A large portion of ML Engineer's work is focused on handling data, including the sourcing of data, its examination, cleansing, and feature computation. Training, which takes up only a small percent of an ML Engineer's time, is generally performed offline. Currently, Grammarly uses two different feature stores in our operations — one for DynamoDB (suitable for costs) and one for Redis (ideal for speed.) However, the thought of merging these into a single, unified feature store is gaining appeal, given the potential efficiencies it could bring. The availability of an online feature store SDK further adds to this consideration, although our focus will likely be solely on the online part of the process.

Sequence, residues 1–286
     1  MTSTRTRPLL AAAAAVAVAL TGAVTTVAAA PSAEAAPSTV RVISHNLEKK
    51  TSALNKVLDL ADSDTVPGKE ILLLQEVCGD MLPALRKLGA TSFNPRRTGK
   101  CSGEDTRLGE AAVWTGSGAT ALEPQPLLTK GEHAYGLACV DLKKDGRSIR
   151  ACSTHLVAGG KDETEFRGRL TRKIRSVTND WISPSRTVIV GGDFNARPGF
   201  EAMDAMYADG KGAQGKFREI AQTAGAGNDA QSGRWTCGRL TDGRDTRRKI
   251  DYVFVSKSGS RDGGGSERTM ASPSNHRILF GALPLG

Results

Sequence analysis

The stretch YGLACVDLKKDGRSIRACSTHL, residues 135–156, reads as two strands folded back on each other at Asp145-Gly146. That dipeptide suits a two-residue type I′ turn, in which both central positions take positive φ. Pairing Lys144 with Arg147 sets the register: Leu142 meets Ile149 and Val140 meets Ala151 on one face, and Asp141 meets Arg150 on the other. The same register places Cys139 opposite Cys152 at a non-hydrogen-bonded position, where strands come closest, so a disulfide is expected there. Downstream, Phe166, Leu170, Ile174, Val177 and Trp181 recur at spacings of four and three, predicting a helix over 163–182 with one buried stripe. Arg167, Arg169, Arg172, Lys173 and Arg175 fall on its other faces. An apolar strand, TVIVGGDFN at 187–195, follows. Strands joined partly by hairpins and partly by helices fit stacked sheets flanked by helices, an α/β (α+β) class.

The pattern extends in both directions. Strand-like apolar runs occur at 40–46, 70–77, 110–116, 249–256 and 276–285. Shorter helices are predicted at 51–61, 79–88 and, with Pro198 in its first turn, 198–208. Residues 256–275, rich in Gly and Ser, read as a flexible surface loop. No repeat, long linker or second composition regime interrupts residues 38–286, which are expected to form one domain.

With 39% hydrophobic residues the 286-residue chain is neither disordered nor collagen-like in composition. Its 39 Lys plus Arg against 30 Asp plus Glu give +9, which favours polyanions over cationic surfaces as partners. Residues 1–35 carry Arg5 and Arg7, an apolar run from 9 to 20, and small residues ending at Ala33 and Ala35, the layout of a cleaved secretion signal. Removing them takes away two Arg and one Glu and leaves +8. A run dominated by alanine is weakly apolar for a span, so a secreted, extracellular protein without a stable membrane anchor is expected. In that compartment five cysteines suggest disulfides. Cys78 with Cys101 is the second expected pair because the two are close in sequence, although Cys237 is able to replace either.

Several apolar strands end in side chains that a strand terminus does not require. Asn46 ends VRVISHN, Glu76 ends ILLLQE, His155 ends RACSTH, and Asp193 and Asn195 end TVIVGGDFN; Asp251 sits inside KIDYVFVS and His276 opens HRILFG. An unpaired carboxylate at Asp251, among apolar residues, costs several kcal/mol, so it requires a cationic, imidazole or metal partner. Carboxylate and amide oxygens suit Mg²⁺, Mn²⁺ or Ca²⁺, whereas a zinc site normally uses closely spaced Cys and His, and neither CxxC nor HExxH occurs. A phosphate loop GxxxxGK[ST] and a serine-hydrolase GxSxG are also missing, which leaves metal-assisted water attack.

In 2015, Grammarly Experiments transitioned from Mixpanel to a homegrown solution to better address our needs. However, this homegrown solution soon showed its limitations, as it struggled under excessive scale and required constant maintenance. Furthermore, its high degree of coupling posed issues, with more than 3,000 event streams writing to it and a conspicuous absence of schema enforcement. Grammarly used a demultiplexer to manage the heterogenous events, filter each event type, enforce a schema, and resolve any schema incompatibility between the batch and delta tables. More than 40 clients were utilizing this complex system, adding to its management challenges.